Mekenzie, your analysis of lying is so true. If we could only get children to understand the harm caused by lies is greater than than sharing truth, how much easier it would go for all involved. Thank you for your visit and support of this topic. Blessings.

    • Mekenzie profile image

      Susan Ream 

      6 years ago from Michigan

      Hi teaches, What an awesome, well researched and written hub. It really expands ones thinking into motivation and contemplation about why a child would lie.

      As I was reading your bullet points on the Tangled web I thought .. ya know it is so much easier to tell the truth. No stress, no covering up and no double life.

      I think the fear is that when one tells the truth they must face up to the consequences of their behavior. But the consequences are way less difficult than the web that is weaved through lies and deception.

      I would think your hub would be a great resource for parents as they have discussions about the importance of always telling the truth and manning up to your own behaviors.

      Thanks Teaches. Excellent read from an excellent writer.

      Blessing to you my friend,


    • teaches12345 profile imageAUTHOR

      Dianna Mendez 

      6 years ago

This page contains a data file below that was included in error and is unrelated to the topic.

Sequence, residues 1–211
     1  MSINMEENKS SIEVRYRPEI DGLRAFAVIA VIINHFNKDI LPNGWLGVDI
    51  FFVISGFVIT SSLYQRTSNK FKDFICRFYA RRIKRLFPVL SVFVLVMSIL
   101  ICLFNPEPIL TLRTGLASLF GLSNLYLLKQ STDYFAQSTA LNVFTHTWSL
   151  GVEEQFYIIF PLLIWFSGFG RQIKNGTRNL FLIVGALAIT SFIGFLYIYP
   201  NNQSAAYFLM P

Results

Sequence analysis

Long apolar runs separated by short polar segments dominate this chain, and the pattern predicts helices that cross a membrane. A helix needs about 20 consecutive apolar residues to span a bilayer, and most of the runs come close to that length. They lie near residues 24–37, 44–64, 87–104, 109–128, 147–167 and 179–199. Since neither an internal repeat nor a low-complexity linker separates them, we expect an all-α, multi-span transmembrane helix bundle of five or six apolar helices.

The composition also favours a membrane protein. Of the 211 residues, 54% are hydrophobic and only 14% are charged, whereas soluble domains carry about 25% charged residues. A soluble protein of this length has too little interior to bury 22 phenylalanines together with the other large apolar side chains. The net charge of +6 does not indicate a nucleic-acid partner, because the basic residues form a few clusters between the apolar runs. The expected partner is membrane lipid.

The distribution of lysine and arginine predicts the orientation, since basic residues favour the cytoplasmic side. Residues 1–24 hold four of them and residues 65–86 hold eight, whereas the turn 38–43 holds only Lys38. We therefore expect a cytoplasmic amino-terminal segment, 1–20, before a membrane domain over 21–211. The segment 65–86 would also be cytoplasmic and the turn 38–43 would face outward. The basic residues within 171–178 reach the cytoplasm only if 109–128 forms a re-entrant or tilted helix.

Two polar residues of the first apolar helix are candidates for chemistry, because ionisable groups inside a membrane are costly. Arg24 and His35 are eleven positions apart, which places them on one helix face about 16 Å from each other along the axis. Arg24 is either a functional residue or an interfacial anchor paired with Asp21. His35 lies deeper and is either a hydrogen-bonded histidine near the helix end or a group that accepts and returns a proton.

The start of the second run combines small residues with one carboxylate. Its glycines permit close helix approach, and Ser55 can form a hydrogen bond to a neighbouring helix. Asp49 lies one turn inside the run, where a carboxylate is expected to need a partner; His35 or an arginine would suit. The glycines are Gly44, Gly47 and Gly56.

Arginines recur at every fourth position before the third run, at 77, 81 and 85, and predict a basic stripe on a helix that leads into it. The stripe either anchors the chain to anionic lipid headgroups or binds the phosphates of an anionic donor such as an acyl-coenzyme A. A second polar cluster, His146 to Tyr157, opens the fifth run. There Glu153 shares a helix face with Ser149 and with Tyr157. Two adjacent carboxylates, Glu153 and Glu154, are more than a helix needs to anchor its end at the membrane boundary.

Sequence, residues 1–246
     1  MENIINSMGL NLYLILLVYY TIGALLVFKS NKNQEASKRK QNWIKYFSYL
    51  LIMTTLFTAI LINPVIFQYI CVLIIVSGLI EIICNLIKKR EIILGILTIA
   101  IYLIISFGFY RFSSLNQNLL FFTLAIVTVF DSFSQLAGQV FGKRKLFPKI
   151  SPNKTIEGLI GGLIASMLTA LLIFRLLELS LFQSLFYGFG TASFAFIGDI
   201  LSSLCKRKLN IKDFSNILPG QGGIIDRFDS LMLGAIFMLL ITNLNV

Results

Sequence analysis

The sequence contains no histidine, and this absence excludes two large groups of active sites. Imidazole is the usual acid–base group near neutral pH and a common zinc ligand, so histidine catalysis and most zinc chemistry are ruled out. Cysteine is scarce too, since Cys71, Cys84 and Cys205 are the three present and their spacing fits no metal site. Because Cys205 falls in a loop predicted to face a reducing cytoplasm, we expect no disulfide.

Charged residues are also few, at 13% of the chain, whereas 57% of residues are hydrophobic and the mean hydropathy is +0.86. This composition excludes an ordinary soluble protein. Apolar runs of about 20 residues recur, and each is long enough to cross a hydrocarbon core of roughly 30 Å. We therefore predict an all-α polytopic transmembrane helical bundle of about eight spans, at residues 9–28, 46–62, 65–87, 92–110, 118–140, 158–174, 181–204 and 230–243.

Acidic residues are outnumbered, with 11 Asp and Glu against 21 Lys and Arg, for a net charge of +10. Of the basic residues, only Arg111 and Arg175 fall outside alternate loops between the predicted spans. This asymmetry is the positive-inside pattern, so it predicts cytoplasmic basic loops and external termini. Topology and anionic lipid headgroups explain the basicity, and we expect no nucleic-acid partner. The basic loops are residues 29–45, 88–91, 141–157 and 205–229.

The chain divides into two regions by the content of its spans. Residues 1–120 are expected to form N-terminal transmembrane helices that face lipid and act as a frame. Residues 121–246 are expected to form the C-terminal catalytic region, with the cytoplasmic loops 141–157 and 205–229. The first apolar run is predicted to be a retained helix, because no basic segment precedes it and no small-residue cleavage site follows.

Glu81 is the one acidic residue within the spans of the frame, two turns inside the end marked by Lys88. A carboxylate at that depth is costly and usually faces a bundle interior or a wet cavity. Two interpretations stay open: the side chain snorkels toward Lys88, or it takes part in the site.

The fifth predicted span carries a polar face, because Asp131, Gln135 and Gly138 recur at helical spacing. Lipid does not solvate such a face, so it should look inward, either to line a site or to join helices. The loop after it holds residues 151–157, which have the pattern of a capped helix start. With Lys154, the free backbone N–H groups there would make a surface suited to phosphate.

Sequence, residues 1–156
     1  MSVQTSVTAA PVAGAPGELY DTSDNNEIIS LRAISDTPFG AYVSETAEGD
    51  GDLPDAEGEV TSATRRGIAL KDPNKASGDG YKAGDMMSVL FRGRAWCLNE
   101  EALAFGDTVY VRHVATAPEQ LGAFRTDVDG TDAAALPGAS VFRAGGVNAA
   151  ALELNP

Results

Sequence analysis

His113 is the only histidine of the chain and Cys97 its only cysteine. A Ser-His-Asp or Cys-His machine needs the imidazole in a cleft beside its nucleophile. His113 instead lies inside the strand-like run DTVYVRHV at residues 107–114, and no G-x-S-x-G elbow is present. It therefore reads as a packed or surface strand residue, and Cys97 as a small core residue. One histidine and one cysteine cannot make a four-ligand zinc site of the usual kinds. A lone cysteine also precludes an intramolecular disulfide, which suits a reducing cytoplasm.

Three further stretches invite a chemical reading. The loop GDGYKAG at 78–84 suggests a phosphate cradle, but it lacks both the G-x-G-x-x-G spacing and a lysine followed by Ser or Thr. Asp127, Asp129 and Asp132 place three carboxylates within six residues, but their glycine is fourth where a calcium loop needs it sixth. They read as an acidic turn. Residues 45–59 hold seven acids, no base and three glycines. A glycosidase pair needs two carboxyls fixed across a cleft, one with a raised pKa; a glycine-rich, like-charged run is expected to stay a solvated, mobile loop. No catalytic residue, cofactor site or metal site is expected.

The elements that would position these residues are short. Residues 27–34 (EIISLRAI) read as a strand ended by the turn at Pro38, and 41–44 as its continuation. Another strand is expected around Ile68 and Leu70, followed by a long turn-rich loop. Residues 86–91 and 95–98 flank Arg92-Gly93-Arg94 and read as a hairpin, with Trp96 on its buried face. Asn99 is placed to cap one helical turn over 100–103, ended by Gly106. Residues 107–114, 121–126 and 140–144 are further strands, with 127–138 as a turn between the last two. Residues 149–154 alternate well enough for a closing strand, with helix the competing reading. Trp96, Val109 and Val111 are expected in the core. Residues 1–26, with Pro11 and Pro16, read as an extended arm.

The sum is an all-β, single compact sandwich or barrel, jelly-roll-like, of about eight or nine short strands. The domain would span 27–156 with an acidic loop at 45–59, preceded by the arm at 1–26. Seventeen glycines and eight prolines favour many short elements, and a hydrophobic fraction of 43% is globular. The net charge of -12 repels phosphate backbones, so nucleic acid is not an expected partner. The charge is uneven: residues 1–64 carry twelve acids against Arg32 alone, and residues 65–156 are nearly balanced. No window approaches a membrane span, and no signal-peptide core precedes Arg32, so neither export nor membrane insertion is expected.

Vicki, you are so right, being controlling doesn't help a child to discover ethical solutions that will make a difference as he or she grows. Thank you for adding to this hub content. Be well, safe and strong!

      Leah, Love your share on parenting those young boys. Keep up the good work! Hope your day is terrific! Blessings.

    • leahlefler profile image

      Leah Lefler 

      6 years ago from Western New York

      What a great hub! I have a 5 year old and a 7 year old - my seven year old tends to be very transparent (just his personality), but my five year old definitely likes to spin a yarn or two. He is beginning to understand what it means to tell a tall tale vs. a real fact, and knows when he isn't telling the truth about something he did (breaking his brother's toy, for example). He definitely doesn't want to be "at fault" and will try to pawn off the responsibility by stating, "I didn't do it!"

    • profile image


      6 years ago

      Hi Teaches, always love your Hubs. This is great, about a topic that causes a lot of anxiety in parents. It really doesn't help to be an authoritarian parent. I like the idea of being open-minded, and discussing this lovingly with a child.